After receiving a demand letter, the insurance company will perform its own investigation, and will usually counter with a settlement offer of its own. In many cases, the offer from the insurance company will be far lower than your actual losses. This is why it is so important to work with an experienced attorney; your lawyer can negotiate the best possible settlement for you, based on the facts of your case, or take your case to court for a jury trial if a fair settlement isn’t possible.
The insurance company may also use its own attorneys to make a legal argument for why the company’s insured wasn’t at fault. This is where your lawyer can use his experience and knowledge to counter the insurance company.
The insurer may shade the facts to its advantage, for example, or use an interpretation of the law that simply isn’t fair or correct. After all, the company’s goal is to minimize or deny claims. Your attorney will make an argument about how this interpretation is legally wrong — and may even inform the insurance company that based on its experience if the case goes to trial, a jury verdict will likely be much higher than what you are asking for in a settlement. This is why it is critical to work with a lawyer with trial experience; the insurance company is more likely to take them seriously.
The majority of personal injury cases result in a settlement. However, if the two sides cannot agree to a settlement, then your attorney may pursue a lawsuit in court. This has to be done within a certain time frame, known as the statute of limitations.
For example, most personal injury cases in the District of Columbia must be filed within 3 years of the date that you knew or should have known of an injury (with some exceptions to this general rule). Maryland also has a 3-year statute of limitations for personal injury cases, while Virginia has a 2-year statute of limitations. Your lawyer can make sure that your claim is filed within the statute of limitations, and can explain the special rules for filing a claim against the government.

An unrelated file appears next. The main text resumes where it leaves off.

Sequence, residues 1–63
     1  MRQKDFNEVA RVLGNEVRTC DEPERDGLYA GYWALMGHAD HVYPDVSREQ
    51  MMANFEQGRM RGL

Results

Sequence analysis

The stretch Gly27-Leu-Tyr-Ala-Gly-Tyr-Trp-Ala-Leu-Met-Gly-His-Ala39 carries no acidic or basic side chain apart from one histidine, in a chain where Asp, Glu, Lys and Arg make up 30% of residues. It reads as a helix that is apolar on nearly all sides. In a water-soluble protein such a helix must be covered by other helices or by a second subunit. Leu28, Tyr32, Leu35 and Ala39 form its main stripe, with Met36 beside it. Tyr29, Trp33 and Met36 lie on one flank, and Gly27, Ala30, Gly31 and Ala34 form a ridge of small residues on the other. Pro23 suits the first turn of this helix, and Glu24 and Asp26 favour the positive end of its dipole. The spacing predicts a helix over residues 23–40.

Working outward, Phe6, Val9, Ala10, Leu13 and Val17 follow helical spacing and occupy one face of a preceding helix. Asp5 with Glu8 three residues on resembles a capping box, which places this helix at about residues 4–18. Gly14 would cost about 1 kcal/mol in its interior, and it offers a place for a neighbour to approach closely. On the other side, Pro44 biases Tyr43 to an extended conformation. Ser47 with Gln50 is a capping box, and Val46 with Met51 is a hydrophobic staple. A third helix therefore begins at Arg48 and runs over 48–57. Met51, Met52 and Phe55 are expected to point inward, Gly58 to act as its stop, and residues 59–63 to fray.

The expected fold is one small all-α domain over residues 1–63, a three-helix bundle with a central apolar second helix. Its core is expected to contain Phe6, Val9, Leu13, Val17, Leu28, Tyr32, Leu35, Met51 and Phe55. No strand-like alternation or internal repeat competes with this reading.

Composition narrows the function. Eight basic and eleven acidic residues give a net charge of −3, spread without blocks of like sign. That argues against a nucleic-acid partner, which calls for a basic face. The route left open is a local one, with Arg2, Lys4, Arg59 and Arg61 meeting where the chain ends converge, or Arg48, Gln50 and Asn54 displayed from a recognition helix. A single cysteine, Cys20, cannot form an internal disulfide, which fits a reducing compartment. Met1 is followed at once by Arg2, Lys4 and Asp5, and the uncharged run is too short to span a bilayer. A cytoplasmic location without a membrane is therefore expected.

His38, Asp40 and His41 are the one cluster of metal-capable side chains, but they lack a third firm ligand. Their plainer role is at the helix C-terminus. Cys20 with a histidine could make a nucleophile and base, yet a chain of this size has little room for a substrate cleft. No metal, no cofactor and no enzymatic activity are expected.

If a lawsuit is filed, the parties will then go through a process of discovery, which involves exchanging information in requests for production, interrogatories, requests for admissions, and depositions. Your lawyer will draft these requests and interrogatories in a manner that is designed to get information that will help your case based on the legal standards for your jurisdiction.
For example, a request for admissions may ask the other driver to admit that the driver was texting and driving during the accident. A request for production may ask for records from the other driver’s navigation system (or “black box”) to demonstrate the vehicle was speeding.
At the same time, the other side will be serving requests for production, interrogatories, and requests for admission to your attorney. Your attorney should be prepared to respond in a way that complies with the law while best advancing your case and protecting your interests. For example, if the insurance company asks you to produce information about a past medical issue unrelated to your back injury or sciatica, your attorney can object to the question — and may even go to court to prevent the disclosure of this information.
During discovery, you may be asked to participate in a deposition. At a deposition, the insurance company’s lawyers will ask you questions, under oath, about the accident, your injuries and other relevant facts. Your attorney will also be there to protect you from any abusive questioning. For example, if the insurance company’s lawyer keeps asking you the same question phrased in a different way (to get you to trip up or accidentally change your story), your attorney can object. In some cases, your lawyer may even stop the deposition to prevent the other side from badgering you or asking abusive questions — and may even ask the judge to intervene.
Even after a lawsuit is filed, most personal injury cases will settle before trial, particularly if your lawyer has trial experience and the insurance company is aware of the possibility of a difficult court battle. If there is a trial, your lawyer will walk you through the steps, including jury selection, opening statements, testimony, closing arguments, jury instructions, and the verdict. If you are unsatisfied with the verdict or a ruling that the judge made during the trial, you may be able to file an appeal.
Hurt in an Accident? Contact Us Today.
Pain from sciatica isn’t just uncomfortable — it can seriously interfere with your ability to work and perform day-to-day activities. Sciatica may be caused by trauma or injury to your back from a car accident. In these situations, an experienced car accident lawyer can help you recover the money that you need to focus on your health.
Patrick Malone & Associates only represents people who have been injured by another party’s negligence or intentional misconduct. We work tirelessly to get clients the compensation they deserve. To learn more or to schedule a free initial consultation, contact us online or call us at 202-742-1500.